“It took me four years to paint like Raphael, but a lifetime to paint like a child.” Day 131)
What a great quote by Pablo Picasso. A day of reflection and creativity
Despite all the adverse media focus on facebook (and rightly so), there are still some great benefits to this social media tool. We love how easy it is to connect with people, and we wouldn’t have met so many new people on our travels and experienced enriching moments with them plus keeping in touch.
I remember 30 years back when I went travelling to Australia, facebook didn’t exist then nor the internet to the general public. I met some fantastic people over here, Tracey from the Café in Melbourne, 2 guys who owned the No Bones veggie café in Perth, the dishy tour guide that took my friend Pauline and I around South western Oz and number of other backpackers and sadly I have lost touch with all of them.
When we arrived in Australia a few days ago, I found a 3Principles Australian group on facebook so introduced myself. A few members have been in touch mainly from Melbourne as well as Kathy, who lives at Coolangatta, south of Gold Coast. We met up for coffee yesterday – and clicked immediately.
It was so easy to chat with Kathy, as if we had known one another for years. Kathy and I shared our experience as to how we came across the 3 Principles, how we both realised that we had made up our anxieties and insecurities and how life is now, how thought is neutral – no need for the positive thinking brigade. We chatted about some of the 3P teachers and both connected with Elsie Spittle, Judy Sedgeman and Dicken Bettinger – they all have such a loving presence, twinkles in their eyes – pure joy of being alive. We shared how this understanding has impacted on ourselves and our businesses significantly, how I rewrote most of my website – damn this understanding!
Tim and I chatted about our travels, how easy and effortless it is with little planning, seeing what opportunities come our way, enjoying life to the full. We really valued Kathy’s enthusiasm for what we are doing and the time together gave me the space to reflect on our current life, how grateful we are, how much more curious we are about our surroundings, nature and people we meet. We discussed how people can put constraints on themselves; they become tied to their jobs or their homes and not see that there are alternatives. I am generalising here. There are many folk very content with what they are doing and living, however as a coach, I come across people who are not content, who feel stuck, who think – “that’s my lot and I can’t do anything about it”. There are always options.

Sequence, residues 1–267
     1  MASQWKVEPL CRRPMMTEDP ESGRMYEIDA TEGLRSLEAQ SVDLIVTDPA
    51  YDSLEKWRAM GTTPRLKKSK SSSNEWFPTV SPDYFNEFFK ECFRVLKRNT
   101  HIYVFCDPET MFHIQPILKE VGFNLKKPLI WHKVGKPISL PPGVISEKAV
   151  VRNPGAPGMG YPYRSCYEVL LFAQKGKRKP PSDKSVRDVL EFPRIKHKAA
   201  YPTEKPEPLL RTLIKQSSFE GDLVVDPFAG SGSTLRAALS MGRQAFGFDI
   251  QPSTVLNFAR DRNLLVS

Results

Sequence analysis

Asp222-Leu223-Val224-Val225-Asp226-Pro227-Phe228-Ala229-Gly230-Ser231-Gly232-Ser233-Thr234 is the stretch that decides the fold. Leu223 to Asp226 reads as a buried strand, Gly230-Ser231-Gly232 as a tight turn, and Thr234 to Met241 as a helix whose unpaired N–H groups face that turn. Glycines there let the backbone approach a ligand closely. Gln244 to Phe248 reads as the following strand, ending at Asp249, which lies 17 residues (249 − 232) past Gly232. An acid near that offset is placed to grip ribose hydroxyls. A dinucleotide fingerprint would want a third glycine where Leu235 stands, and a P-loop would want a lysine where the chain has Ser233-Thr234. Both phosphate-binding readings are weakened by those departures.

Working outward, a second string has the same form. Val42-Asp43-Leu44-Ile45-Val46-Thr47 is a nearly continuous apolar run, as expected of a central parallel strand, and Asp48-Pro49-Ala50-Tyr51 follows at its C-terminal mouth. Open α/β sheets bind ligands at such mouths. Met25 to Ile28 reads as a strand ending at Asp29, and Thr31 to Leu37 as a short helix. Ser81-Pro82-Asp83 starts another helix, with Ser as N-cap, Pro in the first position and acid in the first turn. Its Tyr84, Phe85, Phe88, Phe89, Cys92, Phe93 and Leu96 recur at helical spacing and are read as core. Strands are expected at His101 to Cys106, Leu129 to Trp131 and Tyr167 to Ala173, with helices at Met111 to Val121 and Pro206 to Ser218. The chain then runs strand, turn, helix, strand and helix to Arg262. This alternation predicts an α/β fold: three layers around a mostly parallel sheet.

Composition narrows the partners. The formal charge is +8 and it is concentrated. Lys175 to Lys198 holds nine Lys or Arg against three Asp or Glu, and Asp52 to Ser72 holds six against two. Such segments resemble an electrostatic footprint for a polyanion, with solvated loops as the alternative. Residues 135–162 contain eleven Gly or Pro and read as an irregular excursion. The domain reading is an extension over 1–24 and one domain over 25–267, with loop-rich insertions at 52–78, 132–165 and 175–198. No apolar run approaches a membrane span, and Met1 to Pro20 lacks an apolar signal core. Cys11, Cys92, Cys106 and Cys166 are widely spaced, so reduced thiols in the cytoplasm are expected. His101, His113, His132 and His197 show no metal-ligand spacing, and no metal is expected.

After big hugs of farewell, we walked back to our Airbnb, pottered for a bit and waited for the midday scorching sun to calm down before we ventured down to the beach. When we arrived there, we noticed a group of young people dancing. They were practicing for a show, I think they said it was for the Commonwealth Games but the music and the sound of the crashing waves drowned out what was being said. We sat and watched their routine, climbing ladders, holding a large glitter ball and passing this between themselves, seeing something in the sky and running – we will be intrigued to see their final show in context on TV, if it is part of the Commonwealth celebrations.
We’d decided to take the bare minimum down to the beach, no technology therefore no mobile to take any photos – so I drew a quick sketch instead. Mmm…my artistic tendencies I had when I was younger seem to be very stale…as they say, “don’t use it – loose it”. We’ve both been inspired by the art we have seen on our travels so are slowly being more creative – we had a couple of games of Squiggle then Tim sunbathed and I sat, wrote for a bit and then just let the world drift by…
Tim went off for a splash in the waves whilst I was still day dreaming. His white body was quite easy to spot amongst the few other bronzed bodies out in the surf. It did look fun and he was exhausted and exhilarated when he got back. It so reminded him of holidays when he was young and when our boys were young.
We got back and our Airbnb host and her 8 year old son were home. Tension seems to be part of their existence – so sad. To give the Mum a break, I sat with the young lad and taught him how to play Squiggles. He was brilliant, so quick – no thinking, just drew, no need for perfection and just had fun. I noticed that I was putting far too much thought into my drawings. Tim heard about a study where a researcher asked adults to draw a Unicorn. He could near enough predict what they would draw. However when he asked young children to do the same task, there was a huge variety as to how they drew the Unicorn. Why is it that many of us lose our creativity? We conform? We learn what is the perceived wrong and right way to do things? We fear from failing? We lose our naiveté, curiosity and wonder of the world? In the ever changing world we need creativity more to move forward…I could go on…
Later we both played Mouse Trap with the young lad – what fun. We remember it differently to the new version – the rules had changed and improved. It was lovely seeing the little boy relax and have some fun. It was his time for bed, so we went out for dinner, our last evening in the Gold Coast which has flown by. We found a restaurant called Miami Rice and had some delicious salt and pepper sole, soft shell crab and Buddha fried rice. We were then given a very nice glass of port and a fortune cookie each:
“The young man knows the rules, but the old man knows the exceptions” and “Do not jump into a venture before you make sure it is worthy”